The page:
With my illness at times a symptom can be paranoia. I learned to question this line of thinking. I search for facts to disprove my paranoia and I acknowledge when that paranoia is based in reality and serves me well as a warning system.

Learning to differentiate between healthy thoughts and those not serving me well helps me approach my days in a positive manner and gives me hope.

3) Having a sense of purpose.

For years I was searching for my sense of purpose. Something which really inspired me, made me want to get out of bed in the morning. Making a difference in people’s life in a positive way was my simple answer to how I could have a sense of purpose.

In the short term my sense of purpose was less prophetic and more practical. Having a job served my short term sense of purpose. A place to go where I was expected to show up on time and contribute something. Feeling needed, wanted, and accepted was an important step on my journey.

Eventually I found work and passion aligned. There’s a saying about how we can make our mess our message. I’ve done that with teaching other people about mental health and mental illness. I’ve done that by sharing my story in many different formats, including my memoir “Bipolar Disorder, My Biggest Competitor.” (Available on Amazon)

Mixing passion and purpose motivates me even on my worst days. I’ve never once missed a commitment in over four years. And honestly I’ve had plenty of bad days struggling with depression, but I managed to get myself out of bed and see through what I said I would do.

This is why finding a sense of purpose is important to everyone. We all need a reason to get up in the morning and put our feet on the floor, whether you have a mental illness or not. But from experience, having an illness makes this even more important.

This life journey I’ve had I would not wish on anyone, though I’ve had a remarkable ride in many ways. But the hard lessons were tough to get through. And of course the mental illness – biggest and most difficult challenge. However, if your journey is similar to mine or something I say rings true to you-know you are not alone. And I assure you if you don’t give up you will have happiness, opportunity, prosperity and empowerment to live the life you desire. That’s what hope means to me.

Here’s to five more years of blogging…

Amy Gamble

People are finally talking about mental health. Now what?

I’m a huge fan of all those who have been willing to talk about their challenges with their mental health. It’s wonderful to know that we are not alone. I love it when celebrities use their platforms for great causes.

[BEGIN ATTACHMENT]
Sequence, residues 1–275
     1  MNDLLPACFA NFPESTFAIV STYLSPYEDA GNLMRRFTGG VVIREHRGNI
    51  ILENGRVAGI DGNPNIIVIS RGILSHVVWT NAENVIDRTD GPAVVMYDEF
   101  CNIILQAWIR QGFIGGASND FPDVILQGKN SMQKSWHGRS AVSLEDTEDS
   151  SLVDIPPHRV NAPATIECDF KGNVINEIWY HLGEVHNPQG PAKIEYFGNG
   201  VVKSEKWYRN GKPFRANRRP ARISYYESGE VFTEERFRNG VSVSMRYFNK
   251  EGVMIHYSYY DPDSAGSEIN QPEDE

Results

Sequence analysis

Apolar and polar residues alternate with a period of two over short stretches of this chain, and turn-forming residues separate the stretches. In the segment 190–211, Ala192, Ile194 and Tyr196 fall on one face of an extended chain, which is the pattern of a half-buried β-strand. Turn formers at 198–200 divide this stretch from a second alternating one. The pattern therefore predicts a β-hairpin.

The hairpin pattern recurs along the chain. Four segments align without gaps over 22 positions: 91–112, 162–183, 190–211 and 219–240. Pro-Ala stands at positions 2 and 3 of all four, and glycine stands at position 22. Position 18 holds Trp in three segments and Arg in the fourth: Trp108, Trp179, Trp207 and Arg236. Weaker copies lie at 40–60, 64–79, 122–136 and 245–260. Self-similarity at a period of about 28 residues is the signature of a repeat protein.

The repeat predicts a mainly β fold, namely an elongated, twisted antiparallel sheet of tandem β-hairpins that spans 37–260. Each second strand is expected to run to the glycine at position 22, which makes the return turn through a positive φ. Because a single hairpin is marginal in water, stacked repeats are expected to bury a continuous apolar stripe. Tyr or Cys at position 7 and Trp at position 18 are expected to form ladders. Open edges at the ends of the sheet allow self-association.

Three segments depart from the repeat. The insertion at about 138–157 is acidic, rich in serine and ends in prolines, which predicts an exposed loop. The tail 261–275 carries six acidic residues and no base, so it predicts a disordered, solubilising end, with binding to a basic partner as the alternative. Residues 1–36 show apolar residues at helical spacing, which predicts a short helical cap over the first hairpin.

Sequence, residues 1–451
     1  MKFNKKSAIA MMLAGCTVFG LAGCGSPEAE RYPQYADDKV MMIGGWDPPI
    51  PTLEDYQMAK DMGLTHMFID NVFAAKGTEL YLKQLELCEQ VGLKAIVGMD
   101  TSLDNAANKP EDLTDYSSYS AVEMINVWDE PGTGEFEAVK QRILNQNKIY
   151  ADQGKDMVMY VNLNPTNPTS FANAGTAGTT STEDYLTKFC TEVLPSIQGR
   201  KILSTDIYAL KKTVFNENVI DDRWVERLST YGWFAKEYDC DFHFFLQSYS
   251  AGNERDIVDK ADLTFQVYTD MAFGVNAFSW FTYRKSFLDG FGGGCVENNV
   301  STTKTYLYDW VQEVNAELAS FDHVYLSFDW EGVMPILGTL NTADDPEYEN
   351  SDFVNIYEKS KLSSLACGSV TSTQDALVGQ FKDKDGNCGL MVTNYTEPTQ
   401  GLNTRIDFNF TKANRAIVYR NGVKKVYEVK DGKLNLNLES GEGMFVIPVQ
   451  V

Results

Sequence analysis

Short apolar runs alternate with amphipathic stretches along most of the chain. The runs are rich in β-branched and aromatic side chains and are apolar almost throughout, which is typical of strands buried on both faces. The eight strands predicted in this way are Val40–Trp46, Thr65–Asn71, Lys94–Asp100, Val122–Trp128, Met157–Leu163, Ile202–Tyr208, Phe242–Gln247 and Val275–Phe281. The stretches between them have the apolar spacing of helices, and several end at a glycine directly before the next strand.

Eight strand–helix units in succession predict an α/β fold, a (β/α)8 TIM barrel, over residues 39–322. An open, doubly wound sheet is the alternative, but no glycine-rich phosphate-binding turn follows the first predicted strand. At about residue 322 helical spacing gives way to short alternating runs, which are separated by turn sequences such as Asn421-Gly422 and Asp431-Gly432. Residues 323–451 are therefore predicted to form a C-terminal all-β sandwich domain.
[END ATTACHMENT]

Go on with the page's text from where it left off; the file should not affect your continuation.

But…we also have to start asking the question what’s next? It’s one thing to be aware of mental health and it’s another to face the harsh reality of waiting for two months before one can see a psychiatrist. Not to mention the enormous challenges for emergency rooms across the country who are often the first stop for those experiencing a mental health crisis.

I’m not worried about celebrities having access to care. They can afford to pay for private care if they have to. But I am concerned about the quality of care for everyone. The fact that medications don’t work immediately and the side effects can make the treatment impossible to stick with.

Talking about mental health is important. I do it often. But figuring out ways to help others get the care they need when they need it may just be the most important problem that needs solved in a generation.

Almost everyone is talking about mental health. Yay!!! Now let’s do something about the care people need.

Overcoming the pain from disappointment

Sometimes the worst part of mental illness are the dreams left behind. The shattered and tattered remnants of a life once filled with promise and opportunity. There is no greater healing than acknowledging the pain, feeling it and then moving forward with what can be.

Things can really be difficult. It’s hard to always stay positive and optimistic. It’s actually impossible too. It’s hard not to have moments of frustration and despair.

I’ve asked myself the question, why do things always have to be so hard?

And then I answer myself.

Because I’m striving to live my best life despite my challenges. Of course I haven’t completely forgotten about the pain. It keeps me humble and honest. It motivates me to help others. My pain is the fire that keeps me going.

Last week I had a chance to teach a group of kids about mental health. The younger group I read the old book, “The Little Engine that Could.” I was encouraging them to think positively and believe they could accomplish things.

As I sat there looking into those kids bright shiny eyes, I felt so touched. If I had stayed stuck on my past I would never had the chance to see all those kids eyes light up with joy because in that moment I brought my best self to share with them.

I’m still in the process of telling myself “I think I can. I think I can. I think I can.” But when my book ends I know I’m going to say ,